William Mark Burnette as a young man worked on building the famed Biltmore House near Asheville. As America's most notable mansion became a prime tourist attraction, Mr. Burnette enjoyed telling his children and grandchildren about his work helping to erect the mansion.
William Mark and Martha Burnette had eleven children. Martha died in North Carolina in 1894. When the youngest child, Mark Hampton (born in 1886 in Buncombe County) was twelve years old, his father decided to migrate to Union County, Georgia. They settled in the Ivy Log section of the county.
William Mark Burnette, no doubt saddened by the death of his dear Martha in 1894, was known as a "strict and austere" man. He began making syrup in Ivy Log. His was one of the early sorghum syrup mills in that section of Union. He had a productive farm and his children had to work hard to assist in tilling the land. Mr. Burnette got the mail route, carrying the US mail by mule back between the scattered area post offices.
Strict in discipline and against "the wiles of the devil," Mr. Burnette forbade his children to play cards or to dance.
Music was a part of the Burnette children's upbringing. In their home they had a pump organ, a Jew's harp, and a harmonica. Four of the sons, Monroe, Reid, Ernest and Mark, became good at harmonizing and formed a quartet. They were often invited to sing at area churches, at homecoming services, at all-day singings at the court house and other places, and at dinners-on-the ground. Monroe Burnette composed lyrics and music to songs and had some of his gospel songs published. If any of you readers happen to own a copy of Monroe Burnette's music, count yourself fortunate.
The youngest child, named Mark Hampton (known by his first name Mark) met the lovely Burdetta Cobb and they were married in 1909. She was one of two children born to the Rev. James Wesley Cobb (1837-1922) and Martha Thomas Cobb (known as "Aunt Patty" - 1843-1920).
This union of Mark Burnette and Burdetta Cobb brought together two notable families of Union County.
The early Cobbs in America had migrated from Ireland about 1755. Jasper Edward Cobb had three sons. One of them, John Paul Cobb, joined the Revolutionary War forces under the famed "Swamp Fox," General Francis Marion. John Paul survived the Revolution and moved his family to North Carolina. There his first wife died, leaving him four small children. He married a widow, Lydia Keys Mullen, and moved to Burke County, North Carolina. John Paul and Lydia Cobb had one child whom they named William Alfred Cobb. He married Charlotte Henson. This couple became parents of Burdetta Cobb's father, the Rev. James Wesley Cobb.
James Wesley Cobb was an itinerant Methodist minister traveling to his churches on horseback or by foot. He preached not "for hire," but received gratefully whatever the parishioners gave him in apples, potatoes, chickens, grains and other farm products. He often had these goods strapped across his horse as he returned home. One year, the ladies of one of his churches decided to make Rev. Cobb and his wife, "Aunt Patty," a quilt. They got together and pieced and quilted it and gave it as a Christmas gift.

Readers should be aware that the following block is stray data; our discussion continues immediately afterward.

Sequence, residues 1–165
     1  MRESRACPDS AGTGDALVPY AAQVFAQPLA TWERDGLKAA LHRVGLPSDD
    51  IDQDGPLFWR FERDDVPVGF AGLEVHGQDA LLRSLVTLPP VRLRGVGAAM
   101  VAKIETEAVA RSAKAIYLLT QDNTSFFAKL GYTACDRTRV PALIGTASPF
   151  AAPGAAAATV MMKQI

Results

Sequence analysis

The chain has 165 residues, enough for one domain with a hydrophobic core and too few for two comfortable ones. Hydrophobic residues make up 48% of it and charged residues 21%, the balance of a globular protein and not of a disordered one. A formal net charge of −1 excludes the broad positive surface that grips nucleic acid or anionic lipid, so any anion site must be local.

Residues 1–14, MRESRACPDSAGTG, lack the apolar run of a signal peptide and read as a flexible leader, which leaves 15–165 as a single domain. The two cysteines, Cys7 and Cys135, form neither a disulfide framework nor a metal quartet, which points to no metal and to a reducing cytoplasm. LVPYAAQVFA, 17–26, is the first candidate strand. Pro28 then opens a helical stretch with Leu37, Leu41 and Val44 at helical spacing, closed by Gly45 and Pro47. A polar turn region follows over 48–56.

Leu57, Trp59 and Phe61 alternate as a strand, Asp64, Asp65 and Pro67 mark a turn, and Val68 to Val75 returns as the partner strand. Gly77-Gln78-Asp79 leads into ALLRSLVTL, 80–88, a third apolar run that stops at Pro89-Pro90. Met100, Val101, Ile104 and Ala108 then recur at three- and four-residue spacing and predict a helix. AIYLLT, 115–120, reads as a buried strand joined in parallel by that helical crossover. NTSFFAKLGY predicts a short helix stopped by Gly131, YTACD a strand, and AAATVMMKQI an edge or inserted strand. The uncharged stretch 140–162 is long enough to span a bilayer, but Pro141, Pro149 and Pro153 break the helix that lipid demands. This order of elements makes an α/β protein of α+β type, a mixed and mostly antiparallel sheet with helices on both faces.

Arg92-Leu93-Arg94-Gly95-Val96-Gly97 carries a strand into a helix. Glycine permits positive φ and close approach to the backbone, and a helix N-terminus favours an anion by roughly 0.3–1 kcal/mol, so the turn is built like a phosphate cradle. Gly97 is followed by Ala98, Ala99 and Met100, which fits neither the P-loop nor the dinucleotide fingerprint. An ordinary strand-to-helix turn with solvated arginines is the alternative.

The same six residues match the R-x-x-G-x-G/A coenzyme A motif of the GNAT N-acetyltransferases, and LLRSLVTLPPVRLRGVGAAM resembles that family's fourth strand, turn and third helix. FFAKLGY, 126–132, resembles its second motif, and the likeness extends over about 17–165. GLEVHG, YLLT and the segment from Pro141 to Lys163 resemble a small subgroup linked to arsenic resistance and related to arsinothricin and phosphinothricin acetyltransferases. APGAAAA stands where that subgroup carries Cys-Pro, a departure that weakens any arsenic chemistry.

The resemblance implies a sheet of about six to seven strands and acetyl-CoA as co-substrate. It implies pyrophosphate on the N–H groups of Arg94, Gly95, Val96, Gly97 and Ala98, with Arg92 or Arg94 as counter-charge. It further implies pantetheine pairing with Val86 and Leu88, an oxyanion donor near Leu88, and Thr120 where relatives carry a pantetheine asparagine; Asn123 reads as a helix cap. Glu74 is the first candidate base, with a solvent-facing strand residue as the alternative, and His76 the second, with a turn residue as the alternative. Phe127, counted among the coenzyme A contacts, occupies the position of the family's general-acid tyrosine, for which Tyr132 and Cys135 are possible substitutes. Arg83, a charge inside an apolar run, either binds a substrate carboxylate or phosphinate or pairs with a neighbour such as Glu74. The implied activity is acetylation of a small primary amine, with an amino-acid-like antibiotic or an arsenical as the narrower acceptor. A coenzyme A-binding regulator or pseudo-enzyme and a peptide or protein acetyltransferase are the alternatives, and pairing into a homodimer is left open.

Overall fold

During the Civil War, James Wesley Cobb joined the Confederate Army and saw action at the Battle of Missionary Ridge in Chattanooga. He received a shot in his jaw, but thankfully had a chew of tobacco in his mouth at the time and the tobacco stopped the bullet.
James Wesley Cobb's wife, Martha Thomas Cobb, was a noted midwife and practical nurse. She attended many women in her community and beyond at the time of childbirth. She also knew practical herbal remedies, and nursed many through a raging typhoid epidemic. Mark Burnette often told children and grandchildren that he owed his life to his wife's mother, dear "Aunt Patty," who nursed him through his serious bout with typhoid. The graves of James Wesley (1837-1922) and Martha Cobb (1843-1920) can be seen in the New Hope Cemetery in Union County.
Mark Hampton Burnette and Burdetta Cobb Burnette moved from Union County, Georgia to Fannin County shortly after their marriage in 1909. Mark was employed by Tennessee Copper Company at a daily wage of $1.00. Because of his affiliation with the Union to secure better working conditions, he was released from his job. He became a house painter and floor finisher.
Burdetta died in 1966 and Mark in 1967. Both were buried in the Crestlawn Cemetery, McCaysville, Ga
Ty Cobb of baseball fame was a cousin of Burdetta Cobb Burnette. Many descendants of the Burnette and Cobb families still reside in the mountain regions of Georgia, North and South Carolina and Tennessee. This is just one of the many stories that could be written about these families.
c 2007 by Ethelene Dyer Jones; published Mar. 8, 2007 in The Union Sentinel, Blairsville, GA. Reprinted by permission. All rights reserved.